How to invest a $50,000 inheritance

Here’s the best thing to do with a windfall right now

 

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Q: A friend of mine has inherited $50,000 and wants to invest it. This person will need $10,000 by next year, $20,000 in 5 years, but the remaining $20,000 has no near future need, so she plans to hold it for greater than 15 years. How would you invest this money? What kind of asset allocation would you use? Can you please together a simple and fundamental financial plan on how to allocate this $50,000?

—Bertram

A: At first glance, this looks like a simple question, but it’s actually quite complex. To start, the $10,000 that will be needed over the next year should go into an investment that’s very safe, such as a GIC or other deposit that has a certainty of maturity value.

But the answer to the two $20,000 amounts depends entirely on the tradeoff you are willing to make regarding risk and return. This information, in my experience, can only be gained through discussion in person with someone who can help you look at the entire picture as well as help you evaluate all your options.

Such conversations with novice investors in my office go roughly like this:

The only measure of investment return is the preservation of purchasing power after inflation. Equities—shares of companies—have been shown by history to generate, over periods of decades, returns in the range of inflation plus 6% or 7%; a return of 7% will double your purchasing power every 10 years. So over say 20 years, $20,000 would become $80,000. This fabulous return comes at a significant cost: the market value of equities declines by an average of 14% in any one year, and seven times since WWII has declined by more than 20%; the average of these larger declines is 30% or so, and the largest was 57% in 2009.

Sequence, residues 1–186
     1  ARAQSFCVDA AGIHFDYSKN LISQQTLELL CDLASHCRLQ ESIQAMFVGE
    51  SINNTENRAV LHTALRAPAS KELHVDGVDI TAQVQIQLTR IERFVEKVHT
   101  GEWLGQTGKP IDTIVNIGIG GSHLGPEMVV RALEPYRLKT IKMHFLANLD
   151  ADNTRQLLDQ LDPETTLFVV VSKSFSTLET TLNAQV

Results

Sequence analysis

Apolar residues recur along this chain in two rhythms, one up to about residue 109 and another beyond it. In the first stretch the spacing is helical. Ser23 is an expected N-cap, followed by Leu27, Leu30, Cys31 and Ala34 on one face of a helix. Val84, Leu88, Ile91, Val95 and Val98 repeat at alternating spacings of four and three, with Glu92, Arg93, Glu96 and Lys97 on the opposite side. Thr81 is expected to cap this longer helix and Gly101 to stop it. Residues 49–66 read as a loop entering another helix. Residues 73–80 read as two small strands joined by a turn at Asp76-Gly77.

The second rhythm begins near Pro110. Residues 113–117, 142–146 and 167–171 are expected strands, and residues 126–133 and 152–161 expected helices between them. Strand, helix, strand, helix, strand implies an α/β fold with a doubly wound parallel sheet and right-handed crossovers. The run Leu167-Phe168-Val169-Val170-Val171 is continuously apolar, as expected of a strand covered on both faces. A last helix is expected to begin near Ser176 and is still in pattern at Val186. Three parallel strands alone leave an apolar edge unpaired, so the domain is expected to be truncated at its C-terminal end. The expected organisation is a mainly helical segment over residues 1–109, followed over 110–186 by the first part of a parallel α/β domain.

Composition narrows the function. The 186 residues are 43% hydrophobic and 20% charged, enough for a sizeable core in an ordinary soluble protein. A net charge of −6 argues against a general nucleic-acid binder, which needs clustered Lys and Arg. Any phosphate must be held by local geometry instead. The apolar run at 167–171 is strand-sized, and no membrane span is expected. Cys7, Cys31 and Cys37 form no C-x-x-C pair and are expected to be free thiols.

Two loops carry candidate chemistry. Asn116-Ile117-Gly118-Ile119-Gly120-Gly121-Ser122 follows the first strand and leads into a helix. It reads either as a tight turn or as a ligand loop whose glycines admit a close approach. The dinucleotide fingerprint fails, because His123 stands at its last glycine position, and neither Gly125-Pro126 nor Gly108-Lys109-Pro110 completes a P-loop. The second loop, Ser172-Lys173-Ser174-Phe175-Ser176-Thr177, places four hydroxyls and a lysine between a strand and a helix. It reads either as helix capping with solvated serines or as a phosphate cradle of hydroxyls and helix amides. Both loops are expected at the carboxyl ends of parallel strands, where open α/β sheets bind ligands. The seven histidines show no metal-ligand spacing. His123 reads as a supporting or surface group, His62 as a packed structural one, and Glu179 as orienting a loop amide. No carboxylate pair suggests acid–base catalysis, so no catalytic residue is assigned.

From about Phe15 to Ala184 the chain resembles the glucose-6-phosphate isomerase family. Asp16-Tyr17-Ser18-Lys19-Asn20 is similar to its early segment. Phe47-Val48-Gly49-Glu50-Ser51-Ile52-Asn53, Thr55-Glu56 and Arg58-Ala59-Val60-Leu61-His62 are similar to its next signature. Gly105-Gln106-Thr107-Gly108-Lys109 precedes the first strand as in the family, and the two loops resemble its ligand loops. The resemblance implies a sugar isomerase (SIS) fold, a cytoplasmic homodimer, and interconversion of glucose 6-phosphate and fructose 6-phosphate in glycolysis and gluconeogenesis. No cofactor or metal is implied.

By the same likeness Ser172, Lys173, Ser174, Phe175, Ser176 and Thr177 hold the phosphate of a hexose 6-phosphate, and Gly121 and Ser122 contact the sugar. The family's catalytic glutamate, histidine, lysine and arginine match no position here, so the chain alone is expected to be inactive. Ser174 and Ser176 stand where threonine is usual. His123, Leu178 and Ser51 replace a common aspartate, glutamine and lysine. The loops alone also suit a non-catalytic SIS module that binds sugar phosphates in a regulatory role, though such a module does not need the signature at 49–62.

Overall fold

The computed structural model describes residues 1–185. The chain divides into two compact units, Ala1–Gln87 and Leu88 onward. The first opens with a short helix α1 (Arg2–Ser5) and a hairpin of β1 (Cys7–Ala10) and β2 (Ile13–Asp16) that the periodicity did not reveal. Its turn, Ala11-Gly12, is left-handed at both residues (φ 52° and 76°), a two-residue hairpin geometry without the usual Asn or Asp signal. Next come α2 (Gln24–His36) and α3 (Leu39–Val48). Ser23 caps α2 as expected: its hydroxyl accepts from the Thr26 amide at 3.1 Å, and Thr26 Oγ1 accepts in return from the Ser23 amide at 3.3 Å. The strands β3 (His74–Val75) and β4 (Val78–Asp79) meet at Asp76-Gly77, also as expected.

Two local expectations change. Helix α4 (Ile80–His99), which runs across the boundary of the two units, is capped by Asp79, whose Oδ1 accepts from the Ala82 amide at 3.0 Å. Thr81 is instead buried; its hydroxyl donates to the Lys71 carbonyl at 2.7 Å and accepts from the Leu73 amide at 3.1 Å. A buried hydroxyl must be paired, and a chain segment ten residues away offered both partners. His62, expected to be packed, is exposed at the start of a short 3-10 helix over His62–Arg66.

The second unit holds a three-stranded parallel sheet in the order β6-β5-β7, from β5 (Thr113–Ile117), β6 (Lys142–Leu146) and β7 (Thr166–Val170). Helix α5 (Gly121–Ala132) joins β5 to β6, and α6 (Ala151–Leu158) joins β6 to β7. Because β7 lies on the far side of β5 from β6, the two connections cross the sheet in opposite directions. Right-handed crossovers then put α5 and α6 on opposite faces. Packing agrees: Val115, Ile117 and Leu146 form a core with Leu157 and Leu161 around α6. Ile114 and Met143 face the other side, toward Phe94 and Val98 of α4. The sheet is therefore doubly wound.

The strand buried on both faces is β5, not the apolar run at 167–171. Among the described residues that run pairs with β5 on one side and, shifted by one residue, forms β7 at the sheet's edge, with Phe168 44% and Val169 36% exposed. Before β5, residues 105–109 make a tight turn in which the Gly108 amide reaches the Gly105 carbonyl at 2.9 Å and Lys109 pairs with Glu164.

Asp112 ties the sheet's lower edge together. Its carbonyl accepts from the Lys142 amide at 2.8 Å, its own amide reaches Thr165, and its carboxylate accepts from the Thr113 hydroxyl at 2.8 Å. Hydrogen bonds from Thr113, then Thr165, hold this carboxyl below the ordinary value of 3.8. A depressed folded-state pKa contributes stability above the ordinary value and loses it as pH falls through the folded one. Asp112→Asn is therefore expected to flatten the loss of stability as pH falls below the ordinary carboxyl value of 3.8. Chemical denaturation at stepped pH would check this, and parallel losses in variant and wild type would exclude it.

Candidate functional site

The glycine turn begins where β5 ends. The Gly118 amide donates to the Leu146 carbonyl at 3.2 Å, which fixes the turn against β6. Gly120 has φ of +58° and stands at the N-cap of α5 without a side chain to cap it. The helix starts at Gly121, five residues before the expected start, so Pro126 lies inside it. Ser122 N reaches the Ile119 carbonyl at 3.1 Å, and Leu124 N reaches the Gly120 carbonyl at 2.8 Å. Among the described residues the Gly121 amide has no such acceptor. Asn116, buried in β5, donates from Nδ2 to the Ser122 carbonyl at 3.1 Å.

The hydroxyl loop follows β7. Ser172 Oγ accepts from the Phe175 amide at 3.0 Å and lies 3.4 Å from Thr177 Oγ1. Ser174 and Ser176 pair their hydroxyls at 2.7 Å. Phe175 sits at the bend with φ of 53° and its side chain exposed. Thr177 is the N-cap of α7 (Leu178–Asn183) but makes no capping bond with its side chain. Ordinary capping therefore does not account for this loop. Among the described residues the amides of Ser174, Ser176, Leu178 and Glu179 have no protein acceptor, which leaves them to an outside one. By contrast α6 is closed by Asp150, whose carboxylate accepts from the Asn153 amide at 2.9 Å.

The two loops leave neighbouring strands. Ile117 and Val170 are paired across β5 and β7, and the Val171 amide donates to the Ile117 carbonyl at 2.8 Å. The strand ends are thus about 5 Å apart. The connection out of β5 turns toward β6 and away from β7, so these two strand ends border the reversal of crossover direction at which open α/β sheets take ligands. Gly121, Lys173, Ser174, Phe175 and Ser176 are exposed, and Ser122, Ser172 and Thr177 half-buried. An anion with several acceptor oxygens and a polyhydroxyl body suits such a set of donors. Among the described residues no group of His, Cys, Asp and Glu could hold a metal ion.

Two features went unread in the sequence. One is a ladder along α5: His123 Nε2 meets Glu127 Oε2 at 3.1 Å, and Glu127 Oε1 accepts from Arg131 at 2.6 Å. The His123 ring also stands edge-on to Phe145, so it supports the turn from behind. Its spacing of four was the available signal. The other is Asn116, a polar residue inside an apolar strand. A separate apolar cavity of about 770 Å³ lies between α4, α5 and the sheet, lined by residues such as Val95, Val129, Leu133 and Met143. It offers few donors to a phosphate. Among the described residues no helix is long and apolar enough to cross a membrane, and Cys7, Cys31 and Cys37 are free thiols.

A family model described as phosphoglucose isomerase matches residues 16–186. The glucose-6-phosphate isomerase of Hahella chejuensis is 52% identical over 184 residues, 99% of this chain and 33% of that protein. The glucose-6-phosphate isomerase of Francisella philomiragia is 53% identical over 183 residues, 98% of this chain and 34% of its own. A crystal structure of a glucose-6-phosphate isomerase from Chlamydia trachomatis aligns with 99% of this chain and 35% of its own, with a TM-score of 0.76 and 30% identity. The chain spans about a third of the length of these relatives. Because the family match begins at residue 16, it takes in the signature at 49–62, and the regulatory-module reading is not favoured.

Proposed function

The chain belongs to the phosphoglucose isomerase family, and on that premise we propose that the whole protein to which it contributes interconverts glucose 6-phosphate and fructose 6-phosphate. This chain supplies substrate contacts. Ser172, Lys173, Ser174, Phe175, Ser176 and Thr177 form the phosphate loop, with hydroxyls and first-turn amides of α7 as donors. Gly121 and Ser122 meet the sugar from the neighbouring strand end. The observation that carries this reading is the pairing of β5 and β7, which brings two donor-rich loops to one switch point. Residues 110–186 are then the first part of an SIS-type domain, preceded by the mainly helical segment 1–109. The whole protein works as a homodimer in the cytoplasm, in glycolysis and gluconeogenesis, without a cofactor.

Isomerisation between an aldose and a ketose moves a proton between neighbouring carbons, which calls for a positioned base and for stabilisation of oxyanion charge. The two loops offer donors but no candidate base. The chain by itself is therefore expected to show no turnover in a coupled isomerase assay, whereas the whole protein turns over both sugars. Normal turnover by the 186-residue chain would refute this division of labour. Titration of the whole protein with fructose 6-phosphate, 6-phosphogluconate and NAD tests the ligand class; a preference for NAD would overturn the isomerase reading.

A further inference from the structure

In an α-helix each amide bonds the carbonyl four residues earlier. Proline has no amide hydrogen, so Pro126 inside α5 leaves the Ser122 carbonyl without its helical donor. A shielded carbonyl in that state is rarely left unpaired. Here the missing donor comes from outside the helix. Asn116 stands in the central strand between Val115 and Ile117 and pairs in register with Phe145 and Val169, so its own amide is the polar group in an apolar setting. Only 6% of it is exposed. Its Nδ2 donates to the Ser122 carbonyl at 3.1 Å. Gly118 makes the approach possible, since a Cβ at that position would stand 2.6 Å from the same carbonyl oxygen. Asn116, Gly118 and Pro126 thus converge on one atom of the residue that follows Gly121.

The entire regulatory system and most people in the industry do not address this volatility properly. The regulators cannot—or refuse to—distinguish between temporary price fluctuations and a loss. Most of the industry pretends that a questionnaire allows a salesperson ‘advisor’ to satisfactorily guess the investor’s ‘risk tolerance’. This is like a doctor giving you a prescription based on a questionnaire.

Investments with less volatility, such as GICs or bonds, generate over longer periods returns after inflation of 2% or so; today it is zero. The benefit of bonds is they decline very little, and very infrequently, so value is preserved over short time periods. Often people speak of stable prices as ‘safe’ investments, but you must see that stable prices, especially today, ensures the destruction of your purchasing power over time by inflation and taxes.

Only if you are willing to accept the volatility of equities can you be an equity investor. Most people are unaware that declines are normally as large as they are and that they cannot be avoided. So they become angry or fearful and destroy themselves in the process of trying to avoid the declines.

A portfolio can be constructed of bonds and stocks so that its volatility is anywhere on the spectrum between pure bonds and pure equities as discussed above. Only you, the investor, can tell me where on the spectrum you are comfortable. Understanding and deciding where on the spectrum you want to be can take hours of discussion; the decision is unique to each investor, and people frequently surprise me as to where they want to be, which is why a questionnaire, although it satisfies the pointy-headed legal people, is completely useless.

Then, and only then, can I recommend an investment strategy.

Have a conversation

People who recommend investments without having gone through this conversation—which is probably the vast majority of people in the investment industry—are being foolish because they ought to know better. My advice? For the remaining $40,000 that you need to invest, see a good advisor. You need to understand your risk tolerance and how this $40,000 fits into your financial profile. Only then can you get the most thoughtful answer on how to invest this money. It’s not one size fits all and the amount of money is substantial enough to have a thoughtful discussion with a good advisor who can help you assess your risk tolerance as well as your long-term goals.

— Chris Horan


Chris Horan is a Registered Financial Planner and senior financial advisor with Assante Capital Management Ltd., in Toronto.

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